When I woke up this morning, I thought I’d see if I could get through the day without writing a post about Paul Ryan. After all, this is a guy whose philosophy is pretty simple: Cut taxes on the rich and cut spending on the poor. Everything else is just window dressing.
But so far, in my morning scan of my RSS feed, about 90% of the posts I’ve seen are about Ryan. Seriously. It might be higher. So I give up. Paul Ryan it is. But which posts should you read? If it’s fun you want, check out Jane Mayer’s quick summary of Ryan’s adolescent attachment to Ayn Rand — an attachment that apparently lasted at least through his mid-30s, waning only when it became politically inconvenient to admit his devotion to an atheist thinker in the tea party era. Dave Weigel has more here.
If it’s more serious stuff you’re after, Ezra Klein explains the bare minimum you need to know before you can claim to be having a “serious” discussion about Medicare. In a nutshell, this bare minimum is the fact that despite Romney/Ryan’s endless claims that President Obama wants to duck “adult” conversations about Medicare, the fact is that exactly the opposite is true:
Ryan’s budget — which Romney has endorsed — keeps Obama’s cuts to Medicare, and both Ryan and Obama envision the same long-term spending path for Medicare. The difference between the two campaigns is not in how much they cut Medicare, but in how they cut Medicare.
This brings us to the big myth of this campaign, or at least of this particular conversation: That Republicans, but not Democrats, have a plan to cut Medicare costs. As Ryan pointedly put it in his first speech as Romney’s vice-presidential pick, “We won’t duck the tough issues. We will lead!”
Obama’s Medicare reform plan isn’t that hard to find. It’s largely in Title III of The Patient Protection and Affordable Care Act.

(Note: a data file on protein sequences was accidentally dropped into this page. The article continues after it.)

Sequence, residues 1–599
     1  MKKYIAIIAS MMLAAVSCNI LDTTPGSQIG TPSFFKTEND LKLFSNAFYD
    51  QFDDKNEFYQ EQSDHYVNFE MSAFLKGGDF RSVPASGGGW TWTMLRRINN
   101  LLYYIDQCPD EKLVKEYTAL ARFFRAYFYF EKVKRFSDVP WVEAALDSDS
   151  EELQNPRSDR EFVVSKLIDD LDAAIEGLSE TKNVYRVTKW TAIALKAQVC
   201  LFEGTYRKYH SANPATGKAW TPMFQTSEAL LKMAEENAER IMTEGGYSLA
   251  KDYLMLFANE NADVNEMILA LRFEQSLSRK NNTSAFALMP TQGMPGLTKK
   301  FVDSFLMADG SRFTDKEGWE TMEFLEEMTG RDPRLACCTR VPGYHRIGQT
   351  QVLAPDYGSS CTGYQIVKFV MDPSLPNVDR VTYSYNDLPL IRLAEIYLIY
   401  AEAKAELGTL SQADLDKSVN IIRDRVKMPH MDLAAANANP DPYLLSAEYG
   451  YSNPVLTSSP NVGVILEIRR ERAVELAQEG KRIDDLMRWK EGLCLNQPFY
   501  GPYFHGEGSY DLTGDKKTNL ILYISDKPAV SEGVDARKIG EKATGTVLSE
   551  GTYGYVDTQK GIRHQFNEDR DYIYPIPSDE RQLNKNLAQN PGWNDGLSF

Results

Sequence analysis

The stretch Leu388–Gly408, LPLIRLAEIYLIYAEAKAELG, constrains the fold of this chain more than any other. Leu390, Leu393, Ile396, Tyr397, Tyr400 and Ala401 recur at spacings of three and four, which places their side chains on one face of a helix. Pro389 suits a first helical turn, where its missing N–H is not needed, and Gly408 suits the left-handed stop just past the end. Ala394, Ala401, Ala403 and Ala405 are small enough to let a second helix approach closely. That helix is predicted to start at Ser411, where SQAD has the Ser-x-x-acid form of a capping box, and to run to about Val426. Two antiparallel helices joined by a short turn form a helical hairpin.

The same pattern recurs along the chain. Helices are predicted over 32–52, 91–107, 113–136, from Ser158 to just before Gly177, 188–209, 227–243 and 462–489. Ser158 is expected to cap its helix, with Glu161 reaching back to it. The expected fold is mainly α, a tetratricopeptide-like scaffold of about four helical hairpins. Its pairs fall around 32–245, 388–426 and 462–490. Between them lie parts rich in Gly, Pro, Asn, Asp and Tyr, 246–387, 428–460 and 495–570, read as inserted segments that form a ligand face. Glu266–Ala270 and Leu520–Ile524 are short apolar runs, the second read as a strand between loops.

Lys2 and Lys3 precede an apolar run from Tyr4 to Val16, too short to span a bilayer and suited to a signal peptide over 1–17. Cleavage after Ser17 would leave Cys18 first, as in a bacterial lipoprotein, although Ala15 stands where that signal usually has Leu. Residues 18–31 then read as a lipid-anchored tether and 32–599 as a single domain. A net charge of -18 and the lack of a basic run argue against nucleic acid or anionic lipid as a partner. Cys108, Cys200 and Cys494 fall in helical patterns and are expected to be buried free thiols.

Obamacare envisions a different mechanism for cost control than Ryan’s budget plan, but they both have roughly the same goals:
It’s worth saying there’s no particularly good evidence for either option. Competition hasn’t worked very well in the health-care system. Indeed, Medicare currently includes private options through the Medicare Advantage program. The idea was these private, managed-care alternatives would be cheaper than traditional Medicare. As it turned out, they ended up costing about 20 percent more.
As for the pay-for-quality revolution that the Obama administration envisions, that hasn’t been proven at Medicare’s scale, either.
This is true. Nevertheless, the truth is that Obamacare contains loads of provisions for cost control, far more than anything Ryan has ever produced. Will they work? Nobody knows. And the plain fact is that we won’t know until we’ve given them a serious try. But they’re there. And not just in a vague, sound-bite friendly white paper, but in actual legislation, passed only after grueling effort. If anyone deserves credit for tackling the long-term cost problems of Medicare, it’s Barack Obama, not Paul Ryan.
However, if you’d like the rare (!) sight of me kinda sorta saying something nice about Ryan’s Medicare plan, check out this post from March. I wouldn’t support it as-is, but it does demonstrate a welcome movement from his earlier plans. Coming from an ideologue like Ryan, that’s not bad.